"We have taken incredible, above and beyond measures too, in terms of sanitation, safety measures to provide a safe environment for all our guests. Coastland would not be the exception. On the contrary, I think this is something we're going to have to live with for awhile," Sanchez said. "We have implemented an automatic booking system that when you purchase your tickets either online on our website or in person at the box office. Let's say you go together with another guest. Immediately, after you book it, all the seats around you are blocked. You will not have people sitting next to you, at least six feet. Sometimes it's even more. Another part of that is the whole sanitation micro-cleaning and micro-sanitation that we have every single night and after each show. The air ventilation system that we've always had."
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Capacity at the moment is limited to 50 percent, and face coverings are required for patrons when they are not seated, she said.
As I reported early on during the COVID-19 crisis, our behaviors look to be changing forever, no matter how we come out of all this. The way we shop. The way we have fun. The way we live.
It's illustrated in the dramatic fizzing out of Retail-tainment that CMX is part of, and has meant challenges for even long-running pioneers like Dave & Buster's and Chuck E. Cheese.
"It's a situation that we definitely need to acknowledge," the refreshingly candid Sanchez said. "The pandemic has affected us all when you have all these experiential retail businesses out there that require contact, that require going out there. Many people are still not ready to go there regardless of our efforts."
We're waiting to hear back on other stalled plans at the mall, but clearly this is the one with all the buzz, based on your many questions and feedback. And while the project is lurking around the corner, it's not totally out of the woods yet.
"To answer another question you had, 'how has the pandemic affected our business?' Definitely. Absolutely. But we are making the efforts. Right now, the main challenge is to get the content from the studios, hoping that the studios do not move the release dates even further, more than what they have done," said Sanchez, who remains confident. "There (are) two types of bankruptcy. One is like you are closed for good, and the other one calls for a restructuring. We have the latter one."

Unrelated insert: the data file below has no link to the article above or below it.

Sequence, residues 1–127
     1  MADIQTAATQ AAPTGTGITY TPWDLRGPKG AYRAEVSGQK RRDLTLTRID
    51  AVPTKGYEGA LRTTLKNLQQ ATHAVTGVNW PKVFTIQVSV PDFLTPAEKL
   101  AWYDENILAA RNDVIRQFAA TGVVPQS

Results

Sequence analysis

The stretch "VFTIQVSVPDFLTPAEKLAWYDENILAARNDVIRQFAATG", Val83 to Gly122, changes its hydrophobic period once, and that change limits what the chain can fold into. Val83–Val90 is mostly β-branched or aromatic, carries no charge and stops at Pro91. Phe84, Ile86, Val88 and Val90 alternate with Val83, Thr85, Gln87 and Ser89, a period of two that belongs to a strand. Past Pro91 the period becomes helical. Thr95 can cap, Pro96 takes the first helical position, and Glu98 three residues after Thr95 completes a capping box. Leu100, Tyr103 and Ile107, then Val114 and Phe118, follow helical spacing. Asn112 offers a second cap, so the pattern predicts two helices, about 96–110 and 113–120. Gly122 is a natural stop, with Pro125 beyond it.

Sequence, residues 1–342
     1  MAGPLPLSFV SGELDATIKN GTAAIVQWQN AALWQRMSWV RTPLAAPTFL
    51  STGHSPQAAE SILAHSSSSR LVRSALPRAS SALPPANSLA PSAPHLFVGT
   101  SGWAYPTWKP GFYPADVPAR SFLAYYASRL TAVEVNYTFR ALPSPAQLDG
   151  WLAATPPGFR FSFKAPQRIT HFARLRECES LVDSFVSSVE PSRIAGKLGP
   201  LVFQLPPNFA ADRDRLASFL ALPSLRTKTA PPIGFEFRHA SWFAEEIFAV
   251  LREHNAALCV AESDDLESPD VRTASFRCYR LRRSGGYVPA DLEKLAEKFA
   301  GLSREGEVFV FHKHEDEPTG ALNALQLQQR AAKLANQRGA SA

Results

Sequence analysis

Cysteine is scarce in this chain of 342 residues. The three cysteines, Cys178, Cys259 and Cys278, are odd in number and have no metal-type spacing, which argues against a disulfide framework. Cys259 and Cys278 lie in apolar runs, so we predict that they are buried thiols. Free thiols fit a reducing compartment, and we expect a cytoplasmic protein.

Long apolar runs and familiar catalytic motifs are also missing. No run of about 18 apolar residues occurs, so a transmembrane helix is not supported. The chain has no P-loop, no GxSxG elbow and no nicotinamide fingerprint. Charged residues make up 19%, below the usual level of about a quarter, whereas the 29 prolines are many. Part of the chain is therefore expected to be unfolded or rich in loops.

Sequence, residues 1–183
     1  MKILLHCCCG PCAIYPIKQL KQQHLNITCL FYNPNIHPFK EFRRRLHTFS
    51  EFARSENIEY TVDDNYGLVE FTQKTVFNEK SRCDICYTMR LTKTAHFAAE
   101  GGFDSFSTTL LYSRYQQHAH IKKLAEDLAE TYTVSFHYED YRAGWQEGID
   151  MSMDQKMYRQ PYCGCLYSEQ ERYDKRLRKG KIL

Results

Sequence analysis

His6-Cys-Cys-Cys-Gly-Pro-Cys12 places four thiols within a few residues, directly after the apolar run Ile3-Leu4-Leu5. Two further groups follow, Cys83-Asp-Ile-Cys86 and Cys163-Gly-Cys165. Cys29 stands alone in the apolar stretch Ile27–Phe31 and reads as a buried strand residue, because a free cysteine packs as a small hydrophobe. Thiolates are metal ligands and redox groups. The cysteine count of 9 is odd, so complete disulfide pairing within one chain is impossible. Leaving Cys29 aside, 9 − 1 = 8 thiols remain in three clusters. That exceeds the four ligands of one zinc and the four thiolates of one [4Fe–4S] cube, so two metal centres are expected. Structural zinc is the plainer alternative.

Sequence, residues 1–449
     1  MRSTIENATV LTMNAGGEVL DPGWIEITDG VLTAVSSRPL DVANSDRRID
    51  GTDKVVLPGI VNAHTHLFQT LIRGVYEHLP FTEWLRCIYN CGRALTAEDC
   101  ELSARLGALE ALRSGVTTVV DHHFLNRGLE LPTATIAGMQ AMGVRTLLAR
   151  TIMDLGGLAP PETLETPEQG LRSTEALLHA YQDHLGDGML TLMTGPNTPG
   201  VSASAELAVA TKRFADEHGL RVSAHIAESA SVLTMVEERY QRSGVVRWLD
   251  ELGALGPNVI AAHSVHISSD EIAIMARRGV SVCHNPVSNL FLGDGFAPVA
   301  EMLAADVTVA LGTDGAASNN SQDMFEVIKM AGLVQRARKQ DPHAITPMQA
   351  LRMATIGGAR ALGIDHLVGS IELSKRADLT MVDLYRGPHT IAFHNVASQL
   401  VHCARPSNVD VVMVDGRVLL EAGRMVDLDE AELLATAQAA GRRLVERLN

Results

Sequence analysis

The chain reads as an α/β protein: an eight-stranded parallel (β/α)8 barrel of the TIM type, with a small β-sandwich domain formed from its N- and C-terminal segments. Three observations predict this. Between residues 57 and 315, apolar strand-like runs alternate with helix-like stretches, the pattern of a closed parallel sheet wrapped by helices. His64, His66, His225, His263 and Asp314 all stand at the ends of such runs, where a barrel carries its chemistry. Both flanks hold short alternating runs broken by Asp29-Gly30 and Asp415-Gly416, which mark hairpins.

The Collective perspective
The Collective, comprised of curated home furnishing businesses and art galleries, officially opens with its full slate of more than a dozen merchants on Nov. 12 in the Naples Design District.
A few of the tenants, which serve the public and professional home builders, renovators and decorators, moved in earlier this year after completion of the first phase of the three-story structure at 111 10th St. S.
Showcasing a mix of transitional to contemporary products and services for those wanting to build, renovate or freshen up their homes through design, the 63,000-square-foot hub includes a wide range of opportunities, such as architecture, decor and other retail.
Marking the grand opening, an evening event, where social distancing will be observed, is scheduled.
Brought in by client Campagna Hospitality Group, Stevens Construction has started its work on a brand new Bar Tulia at Mercato, 9118 Strada Place, Suites 8145-8150.
With an outpost already on Fifth Avenue South, this will be its second location, which is led by chef Vincenzo Betulia. The idea is to provide the similar look and vibe of the original, with more outdoor options, which certainly is welcome in the pandemic age.
With reclaimed lumber, brick flooring and built-in seating, the Stevens renovation of the 3,200 square feet includes a main dining room, bar, full commercial kitchen with pizza oven and mezzanine level dining, according to Daniel Adams, vice president/principal at Stevens.
Based at the Naples Daily News, Columnist Phil Fernandez (firstname.lastname@example.org) writes In the Know as part of the USA TODAY NETWORK. Support Democracy and subscribe to a newspaper.